Historic Hue

Dear Hector,

I write to you now from British Soil! With such a hectic travelling schedule I’m afraid my journey updates are a little belated, but my adventure continued nonetheless!

After a very early 4:30am sleeper bus (much more comfortable this time!), we arrived in Hue, the old Imperial capital of Vietnam and home to the Nguyen Emperors, which is now a World Heritage Site. As a bit of a history geek, this was definitely a stop I was looking forward to.

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The Citadel itself dating back to 1804 still sits at the heart of Hue, and still stands with 10km long walls, surrounded by a 4m deep moat. It quickly becomes apparent that fairly extensive damage was inflicted onto the Citadel during war, and restoration work can be seen on many of the 20 (of originally 148!) buildings still standing.

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The main entrance sits through the Ngo Mon Gate, where the central passage way is inaccessible, as this was traditionally for sole use of the Emperor. We were told to use a different gate from the one we first tried, as the fee to visit is slightly higher for foreign vistors! This was only still approximately 125,000 dong (around £4).

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Our first point of call was to admire the Thai Hoa Palace ahead of us, with a bridge leading over the lotus pond… and stop to feed the extremely large (and greedy) Koi… a nice little activity for children (or those with a childish side) for only 20,000 dong.

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The palace itself was used for official receptions, and the décor has been preserved beautifully inside. Photography was unfortunately not allowed in here! Before exiting the palace, we did stop to enjoy a short video explaining some of the history of the citadel, which gave a better understanding of the area we were exploring.

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The Citadel easily requires a few hours to enjoy properly, and we had a lovely afternoon wandering around the Halls of the Mandarins, the Emperors Reading Room, and the Dien Tho Residence. Unfortunately, the weather wasn’t to cooperate with our plans, and a torrential downpour put an end to our day! As predominately outdoors, this is not a site to visit on a rainy day!

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Needing to rest and refuel (and for a rare change – warm up!) we headed to a Vegetarian restaurant called Lien Hoa. The menu had some vague english translation, so we decided to order an array of dishes. Alongside very fresh rice noodle and vegetable soup, we ordered a Hue special – Banh Beo (steamed rice pancakes) as well as an “appetiser of 8 special foods”. Although we weren’t 100% sure exactly what everything was, the different Banh Beo’s were delicious, and definitely something to try in Hue. After being reasonably unimpressed with the food so far in Vietnam, this restaurant certainly changed that, and I would encourage anyone to find time to visit when in Hue!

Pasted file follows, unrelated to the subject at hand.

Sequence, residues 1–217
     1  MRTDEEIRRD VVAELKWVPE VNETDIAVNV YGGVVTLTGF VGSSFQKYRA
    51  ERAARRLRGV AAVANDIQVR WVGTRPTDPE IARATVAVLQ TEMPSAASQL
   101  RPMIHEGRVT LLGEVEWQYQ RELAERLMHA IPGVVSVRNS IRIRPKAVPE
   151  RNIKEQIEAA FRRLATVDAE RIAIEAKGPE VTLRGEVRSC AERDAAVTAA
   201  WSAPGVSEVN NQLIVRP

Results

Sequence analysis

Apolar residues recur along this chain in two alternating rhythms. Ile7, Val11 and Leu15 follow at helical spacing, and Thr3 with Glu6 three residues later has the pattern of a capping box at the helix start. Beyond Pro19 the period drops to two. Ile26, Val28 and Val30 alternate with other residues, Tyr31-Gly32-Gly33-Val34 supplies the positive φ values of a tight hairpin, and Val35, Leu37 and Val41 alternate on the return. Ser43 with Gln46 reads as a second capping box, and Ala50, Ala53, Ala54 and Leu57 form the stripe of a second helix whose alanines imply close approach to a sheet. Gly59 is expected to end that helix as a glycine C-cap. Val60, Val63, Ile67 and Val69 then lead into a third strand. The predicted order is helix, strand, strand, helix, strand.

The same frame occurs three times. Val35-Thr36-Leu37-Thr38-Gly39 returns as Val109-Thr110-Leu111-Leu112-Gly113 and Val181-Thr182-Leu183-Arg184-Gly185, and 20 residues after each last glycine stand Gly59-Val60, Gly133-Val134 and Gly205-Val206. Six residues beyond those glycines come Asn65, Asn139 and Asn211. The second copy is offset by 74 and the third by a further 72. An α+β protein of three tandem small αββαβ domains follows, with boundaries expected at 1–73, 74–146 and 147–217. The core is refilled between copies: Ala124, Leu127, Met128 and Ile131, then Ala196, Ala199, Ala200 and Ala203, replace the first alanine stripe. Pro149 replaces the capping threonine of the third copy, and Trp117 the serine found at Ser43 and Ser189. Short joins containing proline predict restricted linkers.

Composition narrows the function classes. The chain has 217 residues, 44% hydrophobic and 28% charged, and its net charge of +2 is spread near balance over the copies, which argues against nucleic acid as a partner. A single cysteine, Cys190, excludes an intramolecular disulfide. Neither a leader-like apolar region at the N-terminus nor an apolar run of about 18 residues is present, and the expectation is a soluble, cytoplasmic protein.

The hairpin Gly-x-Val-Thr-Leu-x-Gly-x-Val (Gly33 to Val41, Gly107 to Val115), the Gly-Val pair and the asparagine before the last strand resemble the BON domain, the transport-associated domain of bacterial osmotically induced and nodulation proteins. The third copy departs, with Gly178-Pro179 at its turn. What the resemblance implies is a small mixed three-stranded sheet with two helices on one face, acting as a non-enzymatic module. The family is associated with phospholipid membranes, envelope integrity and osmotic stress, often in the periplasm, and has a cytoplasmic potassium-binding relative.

Accommodation wise, we stayed at the Tigon Hostel, located in the South Bank area of the city, which is predominately hotels, hostels and restaurants. More of a hotel than a hostel, we had a large room with a single and a double bed (fortunately the little one managed to claim the bigger bed, luxury!) and a proper bathroom rather than a wet room, and a great view over the city. This was fantastic value for only 367,000 dong (approx £10) and had a large breakfast in the morning with eggs, fruit, bread and pancake wrapped bananas!

   

Otherwise in Hue, there are numerous tombs to visit of rulers of the Nguyen Dynasty, in varying distances from the city, but unfortunately time was too tight for us to include this within our visit.

A well connected city for transport, particularly for the south of Vietnam, Hue is certainly worth a visit to see another side of Vietnam’s history.

From here, the journey south would continue…

With kindest regards,

Peps xoxo

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